WIRED magazine has a piece in its current issue [9/2013] by
Mat Honan about the comments sections of web-pages (and blogs).
No Place For Conversation [Page 120]:
… a comments section is a necessary component of a web page
[or blog] … that notion is is a relic of an era predating social media … But it
persists with zombie determination. We’ve bought into the fallacy of comments
so completely that they remain nearly universal – and universally terrible.
… “everyone who runs a
commenting system ends up killing themselves or shooting up a post
office.” [Digg CEO Andrew McLaughlin].
That’s how I feel sometimes here, as comments come pouring
Yesterday [8/19], in a back-and-forth about Jose Caravaca’s
Distortion Theory, commenters [Bruce Duensing and Paul Kimball] were responding
to my ripostes immediately – and I mean immediately! – after they were applied
to the blog section.
That means, as I see it, that what I was saying wasn’t
digested or even read carefully.
The commenters had their points of view and no matter what I
had to say meant little or nothing to them. (It seemed that way, anyhow.)
In the “discussion” Bruce Duensing wanted to convince me
that “cellular intelligence” was equivalent to mature, human intelligence.
He wrote (about Caravaca’s external agent):
… it has cellular intelligence; Cellular intelligence has
Apparently Bruce didn’t read what Caravaca wrote or Bruce
has an agenda that precludes the ideas that Jose proposes.
And that is, Jose’s “external agent” is an interaction
between a UFO witness and that UFO witnesses unconscious mind, with pronounced
oneiric (dream-like) references.
Bruce’s stipulation that the “interaction” has cellular
intelligence fails to note that the Caravaca interaction is rather
It’s not instinctive nor is it primitive, as Darwin noted in
his theory, and current studies that Bruce suggests I rev my brain up on:
“You need to read up on self organising systems, systems
The problem here?
Bruce’s comments, often germane and brilliant, in an
abstruse way, take us away from the gist of the initial posting.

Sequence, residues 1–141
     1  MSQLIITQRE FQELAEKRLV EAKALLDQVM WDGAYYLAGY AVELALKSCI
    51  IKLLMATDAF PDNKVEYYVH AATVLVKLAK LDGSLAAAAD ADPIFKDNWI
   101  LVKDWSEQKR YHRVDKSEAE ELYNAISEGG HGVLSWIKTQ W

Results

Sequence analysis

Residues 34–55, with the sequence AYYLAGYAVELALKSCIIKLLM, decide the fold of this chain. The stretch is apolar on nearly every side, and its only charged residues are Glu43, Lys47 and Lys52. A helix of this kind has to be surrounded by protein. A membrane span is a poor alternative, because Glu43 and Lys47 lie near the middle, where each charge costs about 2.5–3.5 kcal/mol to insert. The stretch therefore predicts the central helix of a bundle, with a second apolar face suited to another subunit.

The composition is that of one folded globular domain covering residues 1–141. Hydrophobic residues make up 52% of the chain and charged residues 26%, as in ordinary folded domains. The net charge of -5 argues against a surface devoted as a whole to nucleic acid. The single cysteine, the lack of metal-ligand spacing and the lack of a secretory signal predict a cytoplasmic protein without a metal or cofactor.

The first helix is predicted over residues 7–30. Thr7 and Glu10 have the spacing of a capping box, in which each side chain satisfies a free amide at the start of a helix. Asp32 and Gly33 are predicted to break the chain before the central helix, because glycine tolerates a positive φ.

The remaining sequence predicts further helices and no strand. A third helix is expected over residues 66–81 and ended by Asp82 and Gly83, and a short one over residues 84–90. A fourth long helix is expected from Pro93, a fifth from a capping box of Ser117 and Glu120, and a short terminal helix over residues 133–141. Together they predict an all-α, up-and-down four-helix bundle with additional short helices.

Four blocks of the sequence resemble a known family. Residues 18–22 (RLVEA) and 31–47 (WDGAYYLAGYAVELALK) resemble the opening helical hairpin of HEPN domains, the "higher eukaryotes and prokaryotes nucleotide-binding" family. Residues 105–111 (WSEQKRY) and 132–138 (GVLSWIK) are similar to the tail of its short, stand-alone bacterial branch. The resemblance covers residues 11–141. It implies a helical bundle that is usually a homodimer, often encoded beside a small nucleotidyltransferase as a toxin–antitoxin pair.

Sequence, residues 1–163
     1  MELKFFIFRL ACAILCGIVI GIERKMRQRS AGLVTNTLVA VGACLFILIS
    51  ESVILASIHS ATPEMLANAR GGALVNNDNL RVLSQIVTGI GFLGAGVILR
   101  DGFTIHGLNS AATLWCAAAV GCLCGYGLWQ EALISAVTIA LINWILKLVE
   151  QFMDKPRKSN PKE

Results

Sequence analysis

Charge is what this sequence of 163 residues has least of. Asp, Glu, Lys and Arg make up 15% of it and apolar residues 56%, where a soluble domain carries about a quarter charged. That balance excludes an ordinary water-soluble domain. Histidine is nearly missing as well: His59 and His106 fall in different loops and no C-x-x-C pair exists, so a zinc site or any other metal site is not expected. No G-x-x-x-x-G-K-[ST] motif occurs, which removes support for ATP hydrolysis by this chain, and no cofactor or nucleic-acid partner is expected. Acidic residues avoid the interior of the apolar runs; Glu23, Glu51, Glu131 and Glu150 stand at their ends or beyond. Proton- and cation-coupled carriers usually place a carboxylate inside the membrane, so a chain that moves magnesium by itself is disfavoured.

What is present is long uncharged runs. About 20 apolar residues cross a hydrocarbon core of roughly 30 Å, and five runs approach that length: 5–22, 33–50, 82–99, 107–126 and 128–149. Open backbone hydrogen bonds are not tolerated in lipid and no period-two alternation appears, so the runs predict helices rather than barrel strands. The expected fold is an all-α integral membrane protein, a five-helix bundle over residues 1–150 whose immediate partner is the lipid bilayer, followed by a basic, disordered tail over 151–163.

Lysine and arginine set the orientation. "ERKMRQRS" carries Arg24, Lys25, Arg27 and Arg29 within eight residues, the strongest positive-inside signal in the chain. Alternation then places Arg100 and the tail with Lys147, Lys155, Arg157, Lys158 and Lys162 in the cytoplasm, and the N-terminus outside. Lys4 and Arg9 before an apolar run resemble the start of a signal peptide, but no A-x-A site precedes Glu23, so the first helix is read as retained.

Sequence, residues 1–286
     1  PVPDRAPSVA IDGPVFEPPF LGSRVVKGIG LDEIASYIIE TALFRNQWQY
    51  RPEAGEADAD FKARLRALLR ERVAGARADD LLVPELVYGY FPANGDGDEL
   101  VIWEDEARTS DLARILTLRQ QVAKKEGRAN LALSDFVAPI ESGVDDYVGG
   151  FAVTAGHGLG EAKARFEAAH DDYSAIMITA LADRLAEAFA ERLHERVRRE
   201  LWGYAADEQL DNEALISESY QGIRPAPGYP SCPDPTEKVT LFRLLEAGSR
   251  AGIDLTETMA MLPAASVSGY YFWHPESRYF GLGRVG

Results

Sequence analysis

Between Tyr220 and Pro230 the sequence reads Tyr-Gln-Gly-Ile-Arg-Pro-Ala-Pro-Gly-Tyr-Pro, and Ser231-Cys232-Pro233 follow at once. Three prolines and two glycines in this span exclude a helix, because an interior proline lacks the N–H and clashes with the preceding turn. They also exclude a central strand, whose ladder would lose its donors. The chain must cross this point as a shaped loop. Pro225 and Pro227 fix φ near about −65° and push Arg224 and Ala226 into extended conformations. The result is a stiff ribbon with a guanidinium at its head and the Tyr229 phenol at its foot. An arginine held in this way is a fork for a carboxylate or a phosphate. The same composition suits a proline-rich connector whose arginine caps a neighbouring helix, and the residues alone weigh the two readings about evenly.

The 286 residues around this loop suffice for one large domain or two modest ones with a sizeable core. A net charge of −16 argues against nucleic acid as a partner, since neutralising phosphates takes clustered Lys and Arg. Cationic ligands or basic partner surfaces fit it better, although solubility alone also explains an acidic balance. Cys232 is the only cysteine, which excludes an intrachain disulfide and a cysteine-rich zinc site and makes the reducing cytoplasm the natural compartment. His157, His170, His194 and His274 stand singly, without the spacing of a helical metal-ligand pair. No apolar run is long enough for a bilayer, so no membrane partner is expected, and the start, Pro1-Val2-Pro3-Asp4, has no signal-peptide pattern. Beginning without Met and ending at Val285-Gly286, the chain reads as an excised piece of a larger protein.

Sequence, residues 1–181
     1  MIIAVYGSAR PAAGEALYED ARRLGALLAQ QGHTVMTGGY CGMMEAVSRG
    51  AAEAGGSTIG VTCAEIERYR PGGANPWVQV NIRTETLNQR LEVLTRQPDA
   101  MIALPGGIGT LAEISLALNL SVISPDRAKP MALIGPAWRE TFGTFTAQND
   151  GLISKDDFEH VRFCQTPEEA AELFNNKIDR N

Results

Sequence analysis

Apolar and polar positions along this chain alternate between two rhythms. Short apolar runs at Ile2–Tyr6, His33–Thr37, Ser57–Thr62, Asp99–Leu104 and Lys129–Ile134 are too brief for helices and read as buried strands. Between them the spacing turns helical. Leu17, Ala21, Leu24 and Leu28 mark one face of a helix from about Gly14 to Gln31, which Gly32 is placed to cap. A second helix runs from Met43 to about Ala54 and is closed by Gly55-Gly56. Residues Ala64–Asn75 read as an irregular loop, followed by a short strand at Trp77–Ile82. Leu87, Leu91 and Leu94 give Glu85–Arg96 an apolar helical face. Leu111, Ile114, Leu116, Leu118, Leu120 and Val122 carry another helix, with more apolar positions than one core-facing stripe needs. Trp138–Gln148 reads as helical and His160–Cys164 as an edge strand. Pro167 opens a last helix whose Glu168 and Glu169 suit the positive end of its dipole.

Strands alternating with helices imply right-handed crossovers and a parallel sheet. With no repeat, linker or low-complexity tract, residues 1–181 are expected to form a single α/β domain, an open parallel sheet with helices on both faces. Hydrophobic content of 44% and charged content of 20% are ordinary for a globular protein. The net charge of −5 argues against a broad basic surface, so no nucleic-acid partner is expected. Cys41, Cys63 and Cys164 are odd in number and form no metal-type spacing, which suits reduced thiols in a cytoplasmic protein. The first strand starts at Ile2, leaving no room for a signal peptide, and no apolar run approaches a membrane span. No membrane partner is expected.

He is not alone in that.
Commenters do that all the time at Kevin Randle’s blog.
Kevin can’t keep his visitors on track no matter how hard he presses them to
keep to the point of his posting.
We have visitors here who would take us far afield with
nonsense that has nothing to do with anything. Kurt Peters is the greatest
offender and many of his comments do not appear online here, although now and
then he gets off a good rejoinder.
My psychological buddy, Tim Hebert, also is easily
distracted; something in a comment will take him away from the topic to a place
that is interesting but not germane.
(He gets back on track fast however.)
Paul Kimball provides links to music, art, and other
cultural materials that seem pertinent to him, and should be to those reading
along in our comment sections.
Those links are gratuitous offerings that supplement his
thought processes, and they are mostly edifying. But they do tend to disrupt
the flow of the comments by others, as Blogger tends to insert comments
randomly, one not following another where it should.
Insertions coming fast fall in where they shouldn’t and
one’s train of thought is botched by them.
Music links are nice, but I eschew them because they are
intellectually misplaced; that is, they are an interruption that, while
pleasant, interferes with what is part of a consecutive stream of thought.
Links to materials that are jokey – Kurt’s ploy – don’t get
a listing here. They are even more disruptive than a musical interlude.
Don’t get me wrong. I appreciate the attention my obtuse
ramblings get. But I’d like to stay on course with my thoughts or hypotheses.
I know that others have points of views that are better or
more intelligently oriented but those views are best expressed at their venues
and I try to make it a point to send visitors here to those venues, but not in
the course of a debate in situ here.
Bruce would take us to his blog and views if I let him. But
that would be defeating the purpose of posting here – to present my views and
those whose comments resonate with my views.
This blog is based upon my concept of “theoretical ufology”
– conjectures about the UFO phenomenon.
We have a slew of other blogs all over the internet, as some
of you know: blogs about media and journalism, blogs about fringe
manifestations, blogs about art and music and political theory and historical
applications, and psychology, along with (recently) neurological science.
The comments at those blogs are not moderated, as those
commenting are civilized and smart. They are not distracted by peripheral
references nor do the comments have a personal sling; they are civilized and
smart, as I’ve said.
We get about 1000 hits at this blog each day, not a big
number but a decent clientele.
(It actually goes up to about 6000 when Anthony Bragalia
Obviously, comments come from a few, and I appreciate that.
So don’t take this as serious opprobrium, just a nod to keep
me from going to the local post office and shooting it up.